The Ice Warriors are to return to Doctor Who but two episodes of the original serial The Ice Warriors from 1967 are missing. There are now plans to make animated episodes to complete the story for DVD release.
It looks like John Barrowman might be appearing in the 50th anniversary episode, or maybe not. He also says he has “moved on” from Torchwood.
There is also talk about Arthur Darvill returning for the 50th anniversary, but they would have to be careful with that. Perhaps they could meet up with Rory before he was sent back in time by the Weeping Angels. Otherwise it would be hard to explain bringing back Rory without Amy Pond. Even that might violate some time laws, but those rules have always been inconsistent.
Game of Thrones Season 3 extended trailer above. The series returns on March 31.
Revolution returns on March 25. A five part web series is being posted prior to its return. Series Creator Eric Kripke is comparing his show to Game of Thrones:
“We’ve seen personal relationship struggles and personal revolutions happen, but we haven’t seen how this particular power outage has affected the whole world. We’re about to,” Esposito teases. With the revolution finally beginning, everyone has their own role to play, roles that will take them outside of the Monroe Republic. “We’ll see the Georgia Federation this season, we’ll see the Plains Nation this season — and they’re wildly different nations … We really want this to evolve into kind of an American Game of Thrones.” Kripke says. But with the world expanding, don’t expect our recently reunited gang of misfits to stay together too long.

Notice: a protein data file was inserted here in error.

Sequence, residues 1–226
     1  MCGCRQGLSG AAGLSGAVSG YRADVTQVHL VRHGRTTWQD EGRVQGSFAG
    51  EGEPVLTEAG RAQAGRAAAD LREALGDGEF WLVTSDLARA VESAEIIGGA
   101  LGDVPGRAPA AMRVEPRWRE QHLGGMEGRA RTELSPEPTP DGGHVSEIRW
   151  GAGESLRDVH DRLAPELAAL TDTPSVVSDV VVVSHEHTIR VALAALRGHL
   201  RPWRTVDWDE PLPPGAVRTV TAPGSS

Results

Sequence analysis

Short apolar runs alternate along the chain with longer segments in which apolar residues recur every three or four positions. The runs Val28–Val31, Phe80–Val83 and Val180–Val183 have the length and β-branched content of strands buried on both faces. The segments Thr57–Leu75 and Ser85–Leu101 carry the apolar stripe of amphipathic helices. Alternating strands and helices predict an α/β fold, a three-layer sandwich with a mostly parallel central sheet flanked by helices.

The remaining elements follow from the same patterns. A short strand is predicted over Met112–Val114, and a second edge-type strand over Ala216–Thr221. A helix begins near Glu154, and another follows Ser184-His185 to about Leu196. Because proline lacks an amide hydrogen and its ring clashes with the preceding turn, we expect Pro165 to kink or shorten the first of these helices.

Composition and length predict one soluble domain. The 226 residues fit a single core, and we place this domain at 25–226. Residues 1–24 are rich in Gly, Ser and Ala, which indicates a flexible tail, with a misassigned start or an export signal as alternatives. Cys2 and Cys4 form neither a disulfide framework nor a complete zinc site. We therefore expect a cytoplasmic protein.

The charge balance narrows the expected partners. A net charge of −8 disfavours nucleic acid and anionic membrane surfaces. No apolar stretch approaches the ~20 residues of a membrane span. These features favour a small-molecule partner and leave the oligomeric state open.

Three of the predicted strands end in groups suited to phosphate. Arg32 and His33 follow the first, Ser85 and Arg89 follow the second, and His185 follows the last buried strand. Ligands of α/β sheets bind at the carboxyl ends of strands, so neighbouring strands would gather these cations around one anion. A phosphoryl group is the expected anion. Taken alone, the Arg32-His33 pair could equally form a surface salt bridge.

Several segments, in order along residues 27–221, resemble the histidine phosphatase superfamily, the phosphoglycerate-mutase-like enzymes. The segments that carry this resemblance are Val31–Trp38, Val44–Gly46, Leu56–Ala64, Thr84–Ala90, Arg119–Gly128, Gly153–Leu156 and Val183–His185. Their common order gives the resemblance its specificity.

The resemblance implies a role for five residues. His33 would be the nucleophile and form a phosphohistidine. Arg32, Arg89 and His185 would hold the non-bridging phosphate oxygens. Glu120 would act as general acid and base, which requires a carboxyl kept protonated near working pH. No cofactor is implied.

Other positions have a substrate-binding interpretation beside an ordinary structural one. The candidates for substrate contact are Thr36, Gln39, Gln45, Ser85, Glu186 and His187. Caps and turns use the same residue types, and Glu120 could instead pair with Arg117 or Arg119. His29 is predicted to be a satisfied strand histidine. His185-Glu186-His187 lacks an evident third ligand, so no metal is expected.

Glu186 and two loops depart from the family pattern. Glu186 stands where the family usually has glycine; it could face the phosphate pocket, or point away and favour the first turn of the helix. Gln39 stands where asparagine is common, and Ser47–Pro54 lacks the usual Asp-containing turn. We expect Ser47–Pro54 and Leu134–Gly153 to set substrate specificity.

It would take a considerable about of improvement to see Revolution enter the same league as Game of Thrones but it is not a bad things that Kripke aspires to such quality.
Variety reports that Emma Watson is in early talks to play Cinderella in a Disney live-action adaptation.
Zoe Saldana, taking up the Star Trek/Star Wars crossover of Part I of today’s SciFi Weekend, also wants to be a princess. The actress who plays Uhura wants to be a princess in Star Wars VII.